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"Should I Register My Trademark?"

The U.S. Supreme Court opens the door to the continued federal registration of REDSKINS as well as other marks thought to disparage others.

Paul Kruse Copyright Trademark AttorneyPaul Kruse Copyright Trademark AttorneyUp until recently, marks that disparaged others did not qualify for federal registration under § 2(a) of the Trademark Act. However, the Supreme Court in Matal v. Tam recently concluded that the prohibition against the registration of such marks amounts to viewpoint discrimination by the United States Patent and Trademark Office (USPTO) and, under the strict scrutiny review appropriate for government regulation of message or viewpoint, concluded that the disparagement proscription set forth in § 2(a) of the Trademark Act is unconstitutional. This conclusion was premised in part on the fact that the Trademark Act confers important legal rights and benefits on trademark owners who register their marks with the USPTO.

So, Should I Federally Register My Trademark? 

Yes, although federal registration of a trademark is not required. Rights to a trademark in the United States are granted on a first come, first served basis. One obtains trademark rights by being the first in a given market either to use the mark or to file and successfully obtain a registration. Once it obtains such rights, the trademark owner is entitled to stop newcomers from using similar marks in ways that are likely to cause confusion.

You can establish rights in a mark based on use of the mark in commerce, without a registration. However, owning a federal trademark registration on the Principal Register provides several advantages, the most important being that federally registered trademarks are national in scope, regardless of the actual geographic use made of the mark. This national scope contrasts greatly with the limited geographic range of common law trademarks. Additional advantages of federal registration include:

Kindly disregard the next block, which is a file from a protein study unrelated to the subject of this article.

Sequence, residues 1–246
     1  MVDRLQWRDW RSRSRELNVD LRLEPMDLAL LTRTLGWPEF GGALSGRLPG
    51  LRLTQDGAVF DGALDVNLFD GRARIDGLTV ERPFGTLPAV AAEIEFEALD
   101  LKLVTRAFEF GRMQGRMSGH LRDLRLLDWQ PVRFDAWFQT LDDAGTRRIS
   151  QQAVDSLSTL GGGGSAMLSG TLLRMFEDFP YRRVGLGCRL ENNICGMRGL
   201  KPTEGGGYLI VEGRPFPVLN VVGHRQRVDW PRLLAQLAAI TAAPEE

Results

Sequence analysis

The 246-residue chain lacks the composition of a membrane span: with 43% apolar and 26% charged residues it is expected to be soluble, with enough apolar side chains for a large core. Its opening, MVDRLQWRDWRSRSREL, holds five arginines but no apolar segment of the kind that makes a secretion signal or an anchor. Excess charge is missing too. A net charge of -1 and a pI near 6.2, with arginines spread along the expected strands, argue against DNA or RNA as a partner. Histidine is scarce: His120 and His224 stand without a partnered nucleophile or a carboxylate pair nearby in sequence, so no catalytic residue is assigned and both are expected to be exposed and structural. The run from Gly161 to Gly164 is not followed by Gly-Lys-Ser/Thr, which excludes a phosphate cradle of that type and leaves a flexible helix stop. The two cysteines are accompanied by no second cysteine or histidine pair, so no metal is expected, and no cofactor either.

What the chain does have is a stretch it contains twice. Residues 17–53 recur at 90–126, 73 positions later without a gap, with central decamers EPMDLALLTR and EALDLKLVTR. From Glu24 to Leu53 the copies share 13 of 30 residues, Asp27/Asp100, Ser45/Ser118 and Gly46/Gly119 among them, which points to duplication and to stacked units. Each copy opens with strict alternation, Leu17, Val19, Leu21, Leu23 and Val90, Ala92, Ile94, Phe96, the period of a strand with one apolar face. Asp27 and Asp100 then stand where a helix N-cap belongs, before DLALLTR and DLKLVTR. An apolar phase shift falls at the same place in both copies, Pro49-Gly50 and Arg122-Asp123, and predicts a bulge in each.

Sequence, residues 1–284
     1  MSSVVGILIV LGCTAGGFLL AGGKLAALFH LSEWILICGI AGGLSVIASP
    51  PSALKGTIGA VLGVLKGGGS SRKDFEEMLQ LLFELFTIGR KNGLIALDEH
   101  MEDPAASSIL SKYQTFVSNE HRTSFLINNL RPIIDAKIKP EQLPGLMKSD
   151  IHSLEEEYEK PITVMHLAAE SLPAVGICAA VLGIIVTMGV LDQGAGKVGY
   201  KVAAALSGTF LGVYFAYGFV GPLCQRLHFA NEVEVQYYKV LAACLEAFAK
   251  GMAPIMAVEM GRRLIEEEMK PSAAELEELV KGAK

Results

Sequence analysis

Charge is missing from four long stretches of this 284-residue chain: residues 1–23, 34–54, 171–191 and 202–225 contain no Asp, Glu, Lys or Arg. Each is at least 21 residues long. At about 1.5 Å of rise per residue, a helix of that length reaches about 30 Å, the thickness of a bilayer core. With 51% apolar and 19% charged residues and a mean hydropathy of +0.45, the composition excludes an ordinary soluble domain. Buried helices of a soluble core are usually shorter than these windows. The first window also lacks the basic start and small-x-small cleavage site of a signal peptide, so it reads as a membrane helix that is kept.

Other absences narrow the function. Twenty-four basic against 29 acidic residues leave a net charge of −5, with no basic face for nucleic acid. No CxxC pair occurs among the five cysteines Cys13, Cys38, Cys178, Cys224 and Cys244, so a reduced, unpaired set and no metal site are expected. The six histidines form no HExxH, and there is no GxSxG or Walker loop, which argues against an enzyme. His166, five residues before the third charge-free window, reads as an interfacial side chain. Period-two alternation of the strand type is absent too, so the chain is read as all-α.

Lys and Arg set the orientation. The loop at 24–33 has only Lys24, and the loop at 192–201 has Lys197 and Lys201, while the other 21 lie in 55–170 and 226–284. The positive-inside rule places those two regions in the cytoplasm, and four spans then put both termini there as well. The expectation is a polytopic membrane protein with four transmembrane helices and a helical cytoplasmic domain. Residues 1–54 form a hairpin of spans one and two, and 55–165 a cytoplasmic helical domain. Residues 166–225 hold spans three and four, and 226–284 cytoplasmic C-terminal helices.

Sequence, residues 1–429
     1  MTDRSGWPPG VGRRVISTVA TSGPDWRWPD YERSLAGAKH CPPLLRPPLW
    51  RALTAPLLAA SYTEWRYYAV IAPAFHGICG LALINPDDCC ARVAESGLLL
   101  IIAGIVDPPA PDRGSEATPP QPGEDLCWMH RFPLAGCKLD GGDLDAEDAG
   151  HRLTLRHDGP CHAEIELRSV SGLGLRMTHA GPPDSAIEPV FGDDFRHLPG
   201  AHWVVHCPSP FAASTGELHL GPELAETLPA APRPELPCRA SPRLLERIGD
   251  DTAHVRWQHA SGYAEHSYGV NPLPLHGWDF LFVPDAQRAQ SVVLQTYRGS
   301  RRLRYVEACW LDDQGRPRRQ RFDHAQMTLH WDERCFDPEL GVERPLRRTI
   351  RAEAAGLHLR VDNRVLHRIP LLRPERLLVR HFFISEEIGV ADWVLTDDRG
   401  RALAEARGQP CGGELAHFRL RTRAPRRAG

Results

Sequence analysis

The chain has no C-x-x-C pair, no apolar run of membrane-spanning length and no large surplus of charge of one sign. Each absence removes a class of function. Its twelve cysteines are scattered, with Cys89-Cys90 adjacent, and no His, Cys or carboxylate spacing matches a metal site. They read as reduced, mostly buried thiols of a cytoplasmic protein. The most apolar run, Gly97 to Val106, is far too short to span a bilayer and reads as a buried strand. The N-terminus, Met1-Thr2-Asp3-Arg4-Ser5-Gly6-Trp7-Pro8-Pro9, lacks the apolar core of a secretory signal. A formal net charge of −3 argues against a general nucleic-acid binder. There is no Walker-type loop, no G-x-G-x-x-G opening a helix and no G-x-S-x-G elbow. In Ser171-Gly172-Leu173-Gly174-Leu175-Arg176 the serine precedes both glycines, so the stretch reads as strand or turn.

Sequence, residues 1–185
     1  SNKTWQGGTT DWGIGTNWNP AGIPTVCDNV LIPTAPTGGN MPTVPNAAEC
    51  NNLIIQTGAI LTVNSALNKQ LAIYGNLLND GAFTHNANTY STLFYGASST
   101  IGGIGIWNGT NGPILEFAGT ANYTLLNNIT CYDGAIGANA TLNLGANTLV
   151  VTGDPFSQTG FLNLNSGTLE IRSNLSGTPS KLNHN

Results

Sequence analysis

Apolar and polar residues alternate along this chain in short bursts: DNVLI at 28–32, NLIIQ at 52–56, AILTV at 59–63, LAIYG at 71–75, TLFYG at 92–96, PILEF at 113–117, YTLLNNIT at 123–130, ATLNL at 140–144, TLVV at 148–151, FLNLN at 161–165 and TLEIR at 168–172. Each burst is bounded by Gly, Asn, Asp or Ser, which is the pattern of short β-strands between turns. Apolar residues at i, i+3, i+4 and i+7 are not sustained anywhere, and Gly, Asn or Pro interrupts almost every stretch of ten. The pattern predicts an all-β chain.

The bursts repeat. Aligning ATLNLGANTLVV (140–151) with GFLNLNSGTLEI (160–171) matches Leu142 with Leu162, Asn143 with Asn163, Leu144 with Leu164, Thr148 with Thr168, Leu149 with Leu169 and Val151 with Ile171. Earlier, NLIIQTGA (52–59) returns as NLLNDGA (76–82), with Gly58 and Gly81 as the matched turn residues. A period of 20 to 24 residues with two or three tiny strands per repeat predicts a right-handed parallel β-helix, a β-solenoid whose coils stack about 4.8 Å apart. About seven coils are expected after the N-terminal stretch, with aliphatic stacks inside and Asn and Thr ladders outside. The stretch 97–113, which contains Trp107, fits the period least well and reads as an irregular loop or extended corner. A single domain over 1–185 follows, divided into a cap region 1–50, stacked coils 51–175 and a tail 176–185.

• The right to use the ® symbol in connection with the mark, which may deter potential infringers;

  • Increased ease of discovery by those doing trademark searches, which helps to prevent the adoption of confusingly similar marks by third parties;

  • A legal presumption of your ownership of the mark and your exclusive right to use the mark nationwide on or in connection with the goods/services listed in the registration, which makes it easier to prove an allegation of trademark infringement; and

  • The ability to recover profits, damages and costs for infringement, including the possibility of receiving treble damages in certain circumstances. 

  • Filing for federal registration provides numerous benefits to a trademark owner at a reasonable expense. As a result, applications for federal registration are almost always recommended for marks that qualify.

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